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Prolonged Lyle Howe hearing breaks Nova Scotia records

Hearing costing much more than than projected budget

This story contains a correction

Behind the heavy doors at the Hampton Inn, the Nova Scotia Barristers’ Society (NSBS) continues to review the case against Lyle Howe.   Lara Lewis

A can of Canada Dry ginger ale opens with a snap and hiss, falling into a white mug with a black trim. Lyle Howe takes a quick gulp as the Nova Scotia Barristers’ Society (NSBS) prepares to ask him a new round of questions. He wears a black suit, broken only by a set of bright, striped socks.

Howe wipes his forehead, perspiring visibly during the Monday iteration of his hearing at the Hampton Inn. The case against Howe has become the NSBS’s longest hearing to date, surpassing a previous record of 50 days.

Howe is an African-Nova Scotian lawyer accused of professional misconduct and professional incompetence; his license has been suspended since September.

The hearing began in December 2015 and has been spread out over the course of several months. As of Tuesday, it hit its 58th day, and is expected to continue into March. The NSBS’s 2016/17 business plan says that “in previous years, it was unusual to have more than five days of hearings.” However, the plan also describes longer hearings as part of “a national trend.”

Howe made headlines after being convicted of sexual assault in a 2014 trial, before it was overturned in September 2015. Later that year, the NSBS began the hearing after a series of  complaints filed against Howe between 2011 and 2014 suggested he violated seven separate professional regulations. They address a variety of claims, including that he engaged in conflicts of interest.

The actions of the NSBS were delayed due to Howe’s personal involvement in the criminal trial, said Darrel Pink, the NSBS executive director, in an email. That trial stemmed from the sexual assault allegations made against him in 2012.

“To date, the Society has spent more than $900,000 in all matters relating to Mr. Howe,” Pink writes. “This includes the various practice supports that were put in place, the reviews of his practice, two receiverships and the costs of the investigation and the hearing.”

This expense, which has cumulated since 2011, results in a net loss of hundreds of thousands of dollars, and more will be spent for future hearing dates. Pink says that there is no problem with the expense as it can be paid off by reserved funds. Regardless, he adds, it doesn’t need to be paid all at once.

During his hearing, Howe has called into question the proportionality of the barristers’ society’s response to allegations against him. Throughout it and through his previous trial, Howe has repeatedly claimed he is being unfairly treated and has faced scrutiny due to his race.

Howe’s hearing is expected to continue on March 21.

 

Correction: Jan. 11, 2016: Due to an editing error, an earlier version of this story misstated that complaints against Howe found he violated seven professional regulations. Those complaints are the subject of review during Howe's ongoing hearing. Jan. 13, 2015: The story also misstated that Howe's hearing has cost $900,000 so far. In fact, that number includes not only Howe's hearing, but also other costs related to the Howe case since 2011. The story also mistakenly said that a $204,000 budget item in 2016 and 2017 was for "legal services regulation." That budget item was for prosecutions and hearings.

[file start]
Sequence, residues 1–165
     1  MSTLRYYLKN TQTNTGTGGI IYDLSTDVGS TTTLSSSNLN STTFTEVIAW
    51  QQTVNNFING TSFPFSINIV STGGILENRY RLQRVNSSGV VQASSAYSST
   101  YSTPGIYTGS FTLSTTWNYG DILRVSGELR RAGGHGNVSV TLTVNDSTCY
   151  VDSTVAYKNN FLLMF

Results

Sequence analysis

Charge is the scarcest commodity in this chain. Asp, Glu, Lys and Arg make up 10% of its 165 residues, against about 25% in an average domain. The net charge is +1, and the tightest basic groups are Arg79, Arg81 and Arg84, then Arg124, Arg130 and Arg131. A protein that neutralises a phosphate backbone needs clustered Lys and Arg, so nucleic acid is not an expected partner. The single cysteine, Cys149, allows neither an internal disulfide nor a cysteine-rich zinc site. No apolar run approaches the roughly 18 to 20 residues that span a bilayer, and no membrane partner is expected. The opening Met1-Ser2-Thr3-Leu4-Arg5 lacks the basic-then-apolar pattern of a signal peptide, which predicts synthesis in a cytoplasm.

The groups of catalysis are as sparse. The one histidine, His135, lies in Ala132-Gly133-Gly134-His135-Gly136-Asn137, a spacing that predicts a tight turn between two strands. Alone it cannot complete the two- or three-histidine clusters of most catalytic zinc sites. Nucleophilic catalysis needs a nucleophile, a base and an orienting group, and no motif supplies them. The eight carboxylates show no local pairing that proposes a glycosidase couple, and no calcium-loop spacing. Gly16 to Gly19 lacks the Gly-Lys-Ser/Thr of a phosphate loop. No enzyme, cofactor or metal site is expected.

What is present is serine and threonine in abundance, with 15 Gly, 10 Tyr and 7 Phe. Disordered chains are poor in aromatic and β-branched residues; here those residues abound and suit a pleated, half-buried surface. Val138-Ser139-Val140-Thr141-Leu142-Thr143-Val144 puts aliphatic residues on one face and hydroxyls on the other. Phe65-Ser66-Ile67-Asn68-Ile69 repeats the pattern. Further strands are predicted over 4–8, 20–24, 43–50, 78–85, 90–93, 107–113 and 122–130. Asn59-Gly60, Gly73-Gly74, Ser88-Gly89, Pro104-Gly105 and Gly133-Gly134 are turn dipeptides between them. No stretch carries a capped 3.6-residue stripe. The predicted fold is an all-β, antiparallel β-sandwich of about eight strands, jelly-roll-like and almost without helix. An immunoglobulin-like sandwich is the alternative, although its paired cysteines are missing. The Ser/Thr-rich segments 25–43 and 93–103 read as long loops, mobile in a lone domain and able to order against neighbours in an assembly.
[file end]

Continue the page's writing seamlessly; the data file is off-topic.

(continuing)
4 comments

  1. Is challenging black letter law for a neo-liberal crusade also a “national trend”? Even the guys at Oak Island would laugh at the Bar Society for the money pit that was the doomed Trinity Western lawsuit.

  2. I just hope u and Laura stay strong through all this .And until u work again cause u will b working again,I’m sure Laura’s swamped.Enjoy the time with the kids ! U got this !

  3. Note to readers: This article contains major inaccuracies that do not reflect the information provided by NSBS in response to the student journalist’s inquiry.

    This line contains two errors:
    Pink adds that the hearing has cost about $900,000 so far and that the NSBS has a $204,000 budget for legal services regulation.

    Here is the correct information provided on January 10 by Darrel Pink, Executive Director:
    • “To date, the Society has spent more than $900,000 in all matters relating to Mr. Howe. This includes the various practice supports that were put in place, the reviews of his practice, two receiverships and the costs of the investigation and the hearing.”
    • “The budget for 2016/2017 for prosecution and hearing costs was $204,000, including costs for legal fees, professional fees, receivers and custodians, and hearing committee expenses.”

    As for the $204,000 budget item for 2016-2017, this relates to prosecutions and hearings, and has absolutely nothing to do with the Society’s Legal Services Regulation initiative (http://nsbs.org/legal-services-regulation).

    We appreciate that students are still in training to be journalists but such glaring factual errors are simply unacceptable in any media publication, student or otherwise.

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